Sun 14th – Sat 20th August 2016


Eloise Heath

at 09:19 on 16th Aug 2016



As an adaptation of a classic which features an apocalypse, the patriarchy and interpretive dance, 'YPFii' is certainly interesting material for the Fringe. Set in an underground cell after the catastrophic end of a nuclear war, it is very dark, incredibly earnest and highly ambitious. Whilst the execution is erratic, the efforts of the cast yield some genuinely striking moments.

Like all good student theatregoers, my passion for a good preset knows almost no bounds; on this front, 'YPFii' delivers. A girl lies centre stage in the foetal position, as another sits stony faced at the back, playing a trippy synth cover of ‘Dream a Little Dream’. Over the speakers, a public service announcement drones instructions for staying safe during ‘the fallout’. The set feels slightly halfhearted: some lonely barbed wire is strewn around the keyboard at the back, flanked by a few hastily daubed signs. Luckily, the dreamy and engaging soundscape and some effective lighting compensate for this pretty effectively.

Bennet and Burford, already armed with a great pair of surnames for a writing duo, traverse tricky territory with a pretty light touch. The adaptation element is underplayed to great effect. The parallels with and allusions to ‘The Trojan Woman’ are helpful, rather than cloying. In the most poignant point of contact with the original story, Cassandra’s foresight is replaced by ‘magical thinking’, a common facet of OCD. This moment of nuance is slipped in, almost under the radar, without pomp or pretension. Similarly, dotted throughout are deferential nods to pop culture, self aware little references; "It’s like a Bond film or 1984", one character says. There are moments, however, in which this light touch is disrupted. "They’re the f*ckers who started this by dropping that bomb on us" and similar outbursts are jarring, but in a way that’s brash and clunky, rather than impactful. Luckily, however, these are relatively seldom.

The best moments of this play are the monologues, for which the narrative is periodically suspended. During these, the ensemble perform energised, committed movement sequences around the central actor. These are the riskiest moments of the show. More importantly, they are the sections that feel the tightest and, therefore, the best. Kirsty Haywood (Sarah) and Liv Mason Pearson (Sadie) also deserve special mention; they deliver the most colourful and the most consistent performances respectively.

There are some teething problems; erratic delivery and the occasional wayward turn of phrase serve, on occasion, to puncture and deflate the atmosphere. And yet, 'YPFii' leaves some striking impressions. In a creepy, 1984-esque flourish, the keyboard player staring into her illuminated music stand looks like surveillance. The contemporary movement sequences are polished and engaging, and the acting delivers moments of real poignancy. And for some context, this dystopian rumination on apocalypse, war and patriarchy is pulled together by a group of high school students. Overall, they pull it off.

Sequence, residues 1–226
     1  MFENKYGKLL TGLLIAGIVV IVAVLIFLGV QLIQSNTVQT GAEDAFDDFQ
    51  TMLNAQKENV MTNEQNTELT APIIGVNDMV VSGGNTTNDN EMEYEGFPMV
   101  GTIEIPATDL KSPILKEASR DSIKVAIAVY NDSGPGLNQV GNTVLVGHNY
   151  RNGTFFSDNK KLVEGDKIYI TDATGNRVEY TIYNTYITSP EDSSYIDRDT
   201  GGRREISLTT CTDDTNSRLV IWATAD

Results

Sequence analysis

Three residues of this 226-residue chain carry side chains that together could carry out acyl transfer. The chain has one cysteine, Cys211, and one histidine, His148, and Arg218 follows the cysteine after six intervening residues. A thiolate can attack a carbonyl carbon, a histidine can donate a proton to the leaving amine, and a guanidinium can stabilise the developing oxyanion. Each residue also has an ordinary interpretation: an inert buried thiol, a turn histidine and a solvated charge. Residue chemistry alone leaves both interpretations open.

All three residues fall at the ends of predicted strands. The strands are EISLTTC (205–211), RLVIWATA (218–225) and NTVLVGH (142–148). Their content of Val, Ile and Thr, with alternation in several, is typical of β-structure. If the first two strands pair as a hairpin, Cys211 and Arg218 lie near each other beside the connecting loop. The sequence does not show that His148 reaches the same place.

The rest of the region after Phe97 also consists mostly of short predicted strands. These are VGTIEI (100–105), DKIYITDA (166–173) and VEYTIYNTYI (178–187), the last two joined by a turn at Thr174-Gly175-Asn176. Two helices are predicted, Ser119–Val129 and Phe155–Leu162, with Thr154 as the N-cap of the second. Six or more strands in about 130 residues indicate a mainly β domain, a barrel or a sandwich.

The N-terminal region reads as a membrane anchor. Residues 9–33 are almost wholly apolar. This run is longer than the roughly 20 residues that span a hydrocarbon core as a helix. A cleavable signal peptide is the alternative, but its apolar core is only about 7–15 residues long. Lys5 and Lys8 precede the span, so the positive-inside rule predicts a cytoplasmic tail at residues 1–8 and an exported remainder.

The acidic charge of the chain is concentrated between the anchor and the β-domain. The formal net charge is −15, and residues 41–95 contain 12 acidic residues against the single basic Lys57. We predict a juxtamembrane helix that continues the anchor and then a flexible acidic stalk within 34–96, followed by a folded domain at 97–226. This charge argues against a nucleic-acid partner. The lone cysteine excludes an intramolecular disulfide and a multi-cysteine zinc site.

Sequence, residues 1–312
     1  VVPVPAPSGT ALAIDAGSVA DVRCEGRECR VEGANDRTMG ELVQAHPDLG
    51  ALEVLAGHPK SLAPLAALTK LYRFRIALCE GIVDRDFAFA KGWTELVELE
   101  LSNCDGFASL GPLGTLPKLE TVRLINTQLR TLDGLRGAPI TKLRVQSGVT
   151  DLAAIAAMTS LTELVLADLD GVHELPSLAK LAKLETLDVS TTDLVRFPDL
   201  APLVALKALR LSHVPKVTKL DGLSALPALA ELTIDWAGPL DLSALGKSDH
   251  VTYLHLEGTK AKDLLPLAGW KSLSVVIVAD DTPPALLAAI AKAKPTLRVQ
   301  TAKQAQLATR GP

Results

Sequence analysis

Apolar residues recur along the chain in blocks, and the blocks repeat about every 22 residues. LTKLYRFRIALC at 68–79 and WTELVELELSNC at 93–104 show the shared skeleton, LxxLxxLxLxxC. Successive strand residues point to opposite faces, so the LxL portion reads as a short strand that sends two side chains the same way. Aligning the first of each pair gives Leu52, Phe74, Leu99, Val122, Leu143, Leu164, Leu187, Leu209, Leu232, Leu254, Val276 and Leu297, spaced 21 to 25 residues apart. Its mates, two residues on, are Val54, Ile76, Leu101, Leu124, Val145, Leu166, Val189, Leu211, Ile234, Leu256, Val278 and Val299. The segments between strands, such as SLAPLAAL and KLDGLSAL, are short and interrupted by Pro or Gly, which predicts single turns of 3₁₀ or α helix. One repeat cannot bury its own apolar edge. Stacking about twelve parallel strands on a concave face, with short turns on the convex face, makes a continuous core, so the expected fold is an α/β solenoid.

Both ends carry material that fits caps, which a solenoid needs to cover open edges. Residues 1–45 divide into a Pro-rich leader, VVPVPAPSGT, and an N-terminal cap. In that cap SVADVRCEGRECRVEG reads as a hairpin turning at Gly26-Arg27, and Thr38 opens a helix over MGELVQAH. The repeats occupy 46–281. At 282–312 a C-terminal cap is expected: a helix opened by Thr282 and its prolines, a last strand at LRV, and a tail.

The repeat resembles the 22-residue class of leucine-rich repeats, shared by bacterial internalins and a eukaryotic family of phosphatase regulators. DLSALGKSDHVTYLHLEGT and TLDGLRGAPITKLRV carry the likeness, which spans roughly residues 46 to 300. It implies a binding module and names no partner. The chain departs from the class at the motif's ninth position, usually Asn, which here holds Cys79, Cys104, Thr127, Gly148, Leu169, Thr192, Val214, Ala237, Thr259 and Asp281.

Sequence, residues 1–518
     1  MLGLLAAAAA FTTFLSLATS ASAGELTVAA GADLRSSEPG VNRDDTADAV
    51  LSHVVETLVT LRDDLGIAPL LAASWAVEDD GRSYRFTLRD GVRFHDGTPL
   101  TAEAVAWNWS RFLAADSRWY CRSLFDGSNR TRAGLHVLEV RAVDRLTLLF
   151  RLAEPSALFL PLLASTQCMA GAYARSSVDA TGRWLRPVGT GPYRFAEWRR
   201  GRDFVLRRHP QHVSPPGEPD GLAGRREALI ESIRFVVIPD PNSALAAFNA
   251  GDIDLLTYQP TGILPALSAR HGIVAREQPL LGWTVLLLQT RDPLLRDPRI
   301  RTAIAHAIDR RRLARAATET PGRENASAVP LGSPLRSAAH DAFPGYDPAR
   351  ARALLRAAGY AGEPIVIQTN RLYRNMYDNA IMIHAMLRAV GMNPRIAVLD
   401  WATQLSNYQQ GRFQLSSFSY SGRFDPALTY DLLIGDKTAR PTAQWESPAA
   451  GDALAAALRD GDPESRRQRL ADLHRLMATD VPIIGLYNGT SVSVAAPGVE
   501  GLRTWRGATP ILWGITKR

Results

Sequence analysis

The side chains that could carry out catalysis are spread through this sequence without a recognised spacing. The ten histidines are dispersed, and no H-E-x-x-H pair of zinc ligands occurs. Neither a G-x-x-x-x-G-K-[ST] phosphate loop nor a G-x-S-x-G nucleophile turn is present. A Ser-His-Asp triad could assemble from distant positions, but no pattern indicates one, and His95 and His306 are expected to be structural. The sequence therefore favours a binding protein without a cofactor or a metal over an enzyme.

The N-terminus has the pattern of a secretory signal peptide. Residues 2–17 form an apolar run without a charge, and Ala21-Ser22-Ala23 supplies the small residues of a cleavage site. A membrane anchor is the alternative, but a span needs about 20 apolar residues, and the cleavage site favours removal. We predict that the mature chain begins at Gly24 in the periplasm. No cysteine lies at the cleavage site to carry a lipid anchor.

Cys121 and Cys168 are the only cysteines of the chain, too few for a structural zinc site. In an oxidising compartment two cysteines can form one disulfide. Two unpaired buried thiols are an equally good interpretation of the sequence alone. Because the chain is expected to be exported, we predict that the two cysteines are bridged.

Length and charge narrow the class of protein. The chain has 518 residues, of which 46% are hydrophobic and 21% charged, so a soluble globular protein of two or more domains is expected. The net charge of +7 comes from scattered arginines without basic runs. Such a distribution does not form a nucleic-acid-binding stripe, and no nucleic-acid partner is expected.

Olivia Cormack

at 10:21 on 16th Aug 2016



Sirens blare, and a calm voice instructs us on the safety procedures which should be followed in the event of a nuclear bomb blast. Bethany Reeves, on the piano, plays gentle compositions which lend an eerie kind of normality to the disaster scenario being played on repeat. Artfully written, and loosely based on ‘The Trojan Women’ by Euripides, 'YPFii' updates several underlying themes of the tragedy and explores them in light of current political issues and concerns.

This play will ask questions that make you feel uncomfortable, with answers you may not want to find out. For instance - why were women the only ones claimed as prizes by victors? Exploring autonomy and nationalism, war, and disaster, this play will take you past the worst case scenario, and show that the worst you ever imagined might only be the beginning.

The script has amazing potential, and although every cast member has some shining moments, the inconsistency of the acting lets down the narrative at some points. Shanaya Khubchandani as Lexie gave what was at times an inconsistent performance. It feels as if the writing of the play pushes Lexie into one of the prominent roles, and yet Khubchandani struggles to fully inhabit her character at times, undercutting the significance of what should be some of the play's most pivotal moments. Fortunately, her expressive movement in the interpretative dance sections gives her the much-needed depth which was lacking in her prose performance. The directorial choice to illustrate the monologues and dreams of the characters through interpretative dance adds depth and backstory without interrupting the progression of the plot.

Kirsty Haywood gives a captivating and well-realised performance as Sarah, achieving the right balance between aggressive, vulnerable and defiant. However, there are moments which need improvement: once or twice she speaks towards the back of the stage without raising her voice, muffling lines for the audience. Nevertheless, she is ultimately a very promising actress. The real showstopper is Liv Mason Pearson as Sadie. Pearson gives an accomplished, sensitive, and humorous performance, and her energy drives the narrative forward whenever her fellow cast members fall a bit flat. She is definitely one to watch.

Although underwhelming at points, 'YPFii' is ultimately an accomplished and sensitive production of a play with some challenging themes. Putney High Drama have produced a show that is enjoyable and thought-provoking.


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